Take the 2-minute tour ×
Stack Overflow is a question and answer site for professional and enthusiast programmers. It's 100% free, no registration required.

I have within a file a bunch of codenumbers that in general are of the form, integer.integer The first integer is necessary, the second may be empty. e.g. 123.45 or 12.345 and 12 are all valid codenumbers.

I want to use sed to change each of these lines into

job{123}subjob{45}
job{12}subjob{345}
job{12}  

So far I have

sed -e 's/codenumber{\([0-9]*\)\.*\([0-9]*\)}/job{\1}subjob{\2}/g'

which results in

job{123}subjob{45}
job{12}subjob{345}
job{12}subjob{}

Is there a way for sed to realise that when the variable \2 is empty, to print a default value instead, say 0. Hence the last line of the given example would say

job{12}subjob{0}

I suppose this could be possible via two sed runs, but I am interested if it was possible with one.

share|improve this question
1  
Are leading zeros a problem (except for being redundant)? If all else fails you could just always write a 0 after your opening bracket. –  Martin Büttner Oct 21 '12 at 21:12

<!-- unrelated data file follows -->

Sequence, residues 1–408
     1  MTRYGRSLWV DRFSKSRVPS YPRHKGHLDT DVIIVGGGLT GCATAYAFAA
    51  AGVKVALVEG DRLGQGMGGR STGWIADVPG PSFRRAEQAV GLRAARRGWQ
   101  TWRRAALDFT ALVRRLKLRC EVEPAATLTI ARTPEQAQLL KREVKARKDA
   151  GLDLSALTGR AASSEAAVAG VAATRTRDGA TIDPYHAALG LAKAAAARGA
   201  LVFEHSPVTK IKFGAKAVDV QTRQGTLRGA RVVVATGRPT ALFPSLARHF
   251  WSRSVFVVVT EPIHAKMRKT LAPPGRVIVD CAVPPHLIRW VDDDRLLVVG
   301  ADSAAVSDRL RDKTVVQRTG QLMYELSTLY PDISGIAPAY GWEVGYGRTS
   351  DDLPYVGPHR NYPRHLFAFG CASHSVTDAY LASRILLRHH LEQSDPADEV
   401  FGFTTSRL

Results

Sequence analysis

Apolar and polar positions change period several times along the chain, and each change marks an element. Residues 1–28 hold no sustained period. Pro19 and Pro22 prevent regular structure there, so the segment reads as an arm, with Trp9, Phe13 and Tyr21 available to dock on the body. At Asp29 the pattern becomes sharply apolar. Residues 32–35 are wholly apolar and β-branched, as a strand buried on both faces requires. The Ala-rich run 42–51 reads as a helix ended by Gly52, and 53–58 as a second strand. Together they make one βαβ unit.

I like this, (it works too in my application) but I was looking for something that I could also generalise. –  Geoff Oct 22 '12 at 7:00
add comment

3 Answers 3

up vote 3 down vote accepted

You could simply extend your sed command to patch up empty subjob numbers:

sed -e 's/codenumber{\([0-9]*\)\.*\([0-9]*\)}/job{\1}subjob{\2}/g' \
    -e 's/subjob{}/subjob{0}/g'
share|improve this answer
add comment

I don't think this is possible in sed. But indeed you can do two sed runs (they're really fast so it shouldn't be a problem), the second being

sed -e 's/subjob\{\}//g'
share|improve this answer
    
It can definitely be done in a single sed run; there are many possible ways to achieve it. –  Jonathan Leffler Oct 22 '12 at 0:44
add comment

This might work for you (GNU sed):

sed 's/codenumber/job/;s/\./}subjob{/;/subjob/!s/$/subjob{0}/' file
share|improve this answer
add comment

Your Answer

 
discard

By posting your answer, you agree to the privacy policy and terms of service.

Not the answer you're looking for? Browse other questions tagged or ask your own question.